Obscenely fluffy, deliciously creamy and super simple to make, Dalgona coffee has swiftly become the internet’s isolation drink of choice. If you thought this whipped beverage couldn’t get any better, cocktail specialist Lucy Morton has created a delightfully boozy upgrade in the form of the Courvoisier Dalgona Martini. Here, the spirits and cocktail specialist shares how to make her indulgent creation…

If you’re one of the many people who has adopted an obscure hobby in the throes of lockdown, I applaud you. These are testing times – to put it lightly – and frankly, the world needs all the wholesome, morale-boosting activity it can muster. With that said, you can keep your banana breads and your home-made kombuchas. You don’t know it yet, but what you really, truly need is an adult version of the internet-famous Dalgona coffee recipe – and you need it stat.

Named after the Korean sweet it supposedly resembles, this foamy drink is made by whipping equal proportions of instant coffee powder, sugar, and hot water until it becomes creamy and then adding it to cold or hot milk for an immensely Instagrammable morning treat. Though the trend started in Korea, the drink is also said to closely resemble an Indian beverage known as ‘phenti hui’ or ‘beaten’ coffee, says Morton – the former sees milk poured on top of the whipped mixture (rather than spooning the whipped mixture over the milk). 

So, why is the world going mad for whipped coffee? Morton explains: “People are fascinated by trying Dalgona coffee themselves because it’s simple to do, it has ASMR-like qualities when watching videos of it being made, and of course, it’s something to do whilst we’re not allowed out to coffee shops.” Ah, coffee shops. If you’re yearning for that barista latte art, prepare to have all desires well and truly satisfied as you whip up a Dalgona. (Side note: It’s tough work, so ideally you should use a hand blender. Or not, if you need to work on your biceps at the moment.)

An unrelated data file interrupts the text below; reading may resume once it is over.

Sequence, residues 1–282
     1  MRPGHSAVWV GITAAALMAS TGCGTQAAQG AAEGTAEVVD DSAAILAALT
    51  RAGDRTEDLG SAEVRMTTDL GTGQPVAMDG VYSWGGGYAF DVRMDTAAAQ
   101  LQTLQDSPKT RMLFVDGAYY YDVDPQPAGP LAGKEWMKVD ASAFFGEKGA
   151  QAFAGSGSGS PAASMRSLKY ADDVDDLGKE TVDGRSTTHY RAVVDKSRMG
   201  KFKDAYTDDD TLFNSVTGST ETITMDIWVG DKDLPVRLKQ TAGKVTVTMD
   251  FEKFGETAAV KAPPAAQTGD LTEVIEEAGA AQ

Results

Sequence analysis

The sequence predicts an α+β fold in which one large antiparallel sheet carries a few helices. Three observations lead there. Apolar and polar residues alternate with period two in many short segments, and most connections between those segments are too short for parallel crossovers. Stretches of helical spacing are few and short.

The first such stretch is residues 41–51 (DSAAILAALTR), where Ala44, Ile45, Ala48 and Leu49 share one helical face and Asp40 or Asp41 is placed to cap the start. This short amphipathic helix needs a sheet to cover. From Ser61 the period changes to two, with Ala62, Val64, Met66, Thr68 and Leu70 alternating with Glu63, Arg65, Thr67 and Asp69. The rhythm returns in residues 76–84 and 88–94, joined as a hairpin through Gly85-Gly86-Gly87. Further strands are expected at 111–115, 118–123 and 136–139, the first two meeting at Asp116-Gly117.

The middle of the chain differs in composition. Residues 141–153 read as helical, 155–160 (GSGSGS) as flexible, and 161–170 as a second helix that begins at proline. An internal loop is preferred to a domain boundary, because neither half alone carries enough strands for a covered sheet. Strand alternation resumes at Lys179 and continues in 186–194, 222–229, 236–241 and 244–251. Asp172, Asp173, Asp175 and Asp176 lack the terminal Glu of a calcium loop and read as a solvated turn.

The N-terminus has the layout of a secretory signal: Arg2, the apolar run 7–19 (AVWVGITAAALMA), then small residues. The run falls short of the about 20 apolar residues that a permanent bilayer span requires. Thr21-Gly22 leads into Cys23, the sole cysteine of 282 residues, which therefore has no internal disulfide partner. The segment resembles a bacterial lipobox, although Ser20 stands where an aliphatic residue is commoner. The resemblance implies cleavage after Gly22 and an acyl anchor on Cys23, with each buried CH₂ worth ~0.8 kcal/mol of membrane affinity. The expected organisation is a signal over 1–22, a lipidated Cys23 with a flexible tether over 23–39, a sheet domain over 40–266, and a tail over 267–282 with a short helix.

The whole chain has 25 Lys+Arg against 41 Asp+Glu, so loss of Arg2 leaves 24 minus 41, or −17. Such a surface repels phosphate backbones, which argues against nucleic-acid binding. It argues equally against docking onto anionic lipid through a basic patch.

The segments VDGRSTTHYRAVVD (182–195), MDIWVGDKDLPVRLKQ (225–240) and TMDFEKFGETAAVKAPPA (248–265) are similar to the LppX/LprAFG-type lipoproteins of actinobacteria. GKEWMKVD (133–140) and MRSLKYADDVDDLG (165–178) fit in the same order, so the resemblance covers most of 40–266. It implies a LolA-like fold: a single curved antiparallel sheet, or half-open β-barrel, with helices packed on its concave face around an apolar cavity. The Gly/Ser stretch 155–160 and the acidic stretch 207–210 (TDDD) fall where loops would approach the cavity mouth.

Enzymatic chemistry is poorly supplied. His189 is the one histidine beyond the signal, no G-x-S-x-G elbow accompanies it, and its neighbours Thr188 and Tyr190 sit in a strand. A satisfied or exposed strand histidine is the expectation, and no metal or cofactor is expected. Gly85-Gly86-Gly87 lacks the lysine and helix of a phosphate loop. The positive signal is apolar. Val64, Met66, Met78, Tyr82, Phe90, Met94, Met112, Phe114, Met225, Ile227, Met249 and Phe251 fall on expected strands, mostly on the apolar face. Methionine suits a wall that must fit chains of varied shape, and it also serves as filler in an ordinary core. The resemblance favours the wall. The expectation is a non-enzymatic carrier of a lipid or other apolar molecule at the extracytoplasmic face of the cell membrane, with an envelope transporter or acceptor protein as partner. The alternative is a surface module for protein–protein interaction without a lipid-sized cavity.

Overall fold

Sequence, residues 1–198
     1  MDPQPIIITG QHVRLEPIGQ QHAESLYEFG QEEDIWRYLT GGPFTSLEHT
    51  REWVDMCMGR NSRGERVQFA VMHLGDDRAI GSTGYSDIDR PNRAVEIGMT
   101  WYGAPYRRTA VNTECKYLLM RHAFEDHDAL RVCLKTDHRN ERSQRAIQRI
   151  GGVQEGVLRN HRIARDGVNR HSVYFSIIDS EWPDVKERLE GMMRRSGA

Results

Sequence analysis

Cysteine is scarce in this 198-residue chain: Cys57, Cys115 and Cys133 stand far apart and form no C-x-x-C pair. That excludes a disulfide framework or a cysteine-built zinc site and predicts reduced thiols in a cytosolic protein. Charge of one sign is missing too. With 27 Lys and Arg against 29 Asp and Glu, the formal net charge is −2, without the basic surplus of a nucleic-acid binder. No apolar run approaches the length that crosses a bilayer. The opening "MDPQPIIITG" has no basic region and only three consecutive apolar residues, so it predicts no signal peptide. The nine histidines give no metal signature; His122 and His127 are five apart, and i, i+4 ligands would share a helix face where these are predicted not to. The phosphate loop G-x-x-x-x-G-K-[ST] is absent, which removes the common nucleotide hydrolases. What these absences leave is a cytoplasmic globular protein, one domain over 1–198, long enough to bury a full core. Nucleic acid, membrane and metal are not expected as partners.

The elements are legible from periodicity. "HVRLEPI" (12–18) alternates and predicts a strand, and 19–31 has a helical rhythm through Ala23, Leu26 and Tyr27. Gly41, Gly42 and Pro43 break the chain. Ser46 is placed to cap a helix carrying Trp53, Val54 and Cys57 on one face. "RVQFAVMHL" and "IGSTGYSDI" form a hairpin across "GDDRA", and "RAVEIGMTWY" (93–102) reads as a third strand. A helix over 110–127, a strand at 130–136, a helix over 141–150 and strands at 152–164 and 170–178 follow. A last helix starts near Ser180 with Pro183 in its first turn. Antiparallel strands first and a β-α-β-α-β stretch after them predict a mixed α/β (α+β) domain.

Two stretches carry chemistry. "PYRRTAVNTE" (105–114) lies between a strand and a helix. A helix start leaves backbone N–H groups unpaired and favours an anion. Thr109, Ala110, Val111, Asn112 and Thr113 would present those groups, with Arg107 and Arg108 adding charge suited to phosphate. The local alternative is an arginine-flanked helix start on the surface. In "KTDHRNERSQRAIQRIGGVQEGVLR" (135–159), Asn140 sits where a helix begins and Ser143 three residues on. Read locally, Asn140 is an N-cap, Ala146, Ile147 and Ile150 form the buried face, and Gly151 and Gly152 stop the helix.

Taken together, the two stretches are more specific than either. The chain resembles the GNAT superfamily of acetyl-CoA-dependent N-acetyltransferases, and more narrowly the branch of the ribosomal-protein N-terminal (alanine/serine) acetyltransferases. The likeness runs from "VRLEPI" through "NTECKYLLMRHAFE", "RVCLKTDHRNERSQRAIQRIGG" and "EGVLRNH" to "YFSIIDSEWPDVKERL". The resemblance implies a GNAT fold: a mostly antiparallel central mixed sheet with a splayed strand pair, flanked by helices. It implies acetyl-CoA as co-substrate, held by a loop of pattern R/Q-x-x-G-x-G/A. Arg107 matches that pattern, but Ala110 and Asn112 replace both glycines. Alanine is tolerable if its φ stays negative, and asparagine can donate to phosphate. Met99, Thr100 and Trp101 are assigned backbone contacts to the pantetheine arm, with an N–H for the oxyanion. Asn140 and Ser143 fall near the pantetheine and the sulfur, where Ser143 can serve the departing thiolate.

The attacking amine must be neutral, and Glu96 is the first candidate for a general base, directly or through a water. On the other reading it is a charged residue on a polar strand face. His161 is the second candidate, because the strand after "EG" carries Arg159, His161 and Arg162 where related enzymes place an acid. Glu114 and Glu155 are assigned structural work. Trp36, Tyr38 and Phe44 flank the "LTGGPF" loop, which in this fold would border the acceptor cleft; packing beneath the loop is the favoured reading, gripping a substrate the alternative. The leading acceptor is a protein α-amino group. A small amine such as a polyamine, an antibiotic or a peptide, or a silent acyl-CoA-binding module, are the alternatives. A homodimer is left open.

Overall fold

So fluffy. . .

Better yet, the recipe pairs especially well with Cognac, as Morton discovered. “Two icons of French culture are coffee and Cognac, with Courvoisier being served at the highest tables since 1889. We’ve made waves across the nation with our Courvoisier Espresso Martini over the years, now felt like the time to elevate it with upcoming trends.” See Morton’s video here.

What is it about the flavour notes found in Cognac – and Courvoisier especially – that works well with the other ingredients? “Cognac, in general, has wonderful tasting notes of dried fruits, very floral aromas and caramel moving into chocolate tones on the palate, all wonderful to pair with coffee,” Morton explains. “Courvoisier VSOP has all of the above, but with heightened aromas of jasmine and toasted almonds, meaning that we add complexity into what is essentially quite a simple drink, without losing any of that lovely raisin and oak flavours within the coffee and milk.”

Sounds delightful, doesn’t it? If you’re not on board by now, there’s simply no pleasing you. For those who are nodding ‘yes’, take note: you can’t make Dalgona coffee using ground coffee, it has to be instant coffee. Apparently it’s entirely responsible for that irresistibly dense and foamy topping, something to do with the drying process of the coffee granules. A surefire blow for the coffee connoisseurs out there, but fret not – once you taste this Courvoisier-spiked Dalgona, you won’t miss the fresh-brewed stuff one bit.

Right, are you ready to get whipping?

50ml Courvoisier VSOP
50ml milk
25ml vanilla syrup*
2 tbsp instant coffee
2 tbsp caster sugar
2 tbsp hot water

Whisk the coffee, sugar and water together until light brown in colour and peaks form when you remove the whisk. In a cocktail shaker (or protein shaker, if needed) add the milk, Courvoisier VSOP, and vanilla syrup. Shake with ice and strain into a chilled Martini glass. Spoon over Dalgona mixture and top with powdered coffee or chocolate. Instagram with gusto, then sip and savour.

*No vanilla syrup? No worries! Use 12.5 ml vanilla essence and 12.5ml sugar syrup. Alternatively, Morton says either 25ml caramel syrup or 25ml butterscotch syrup work wonderfully too.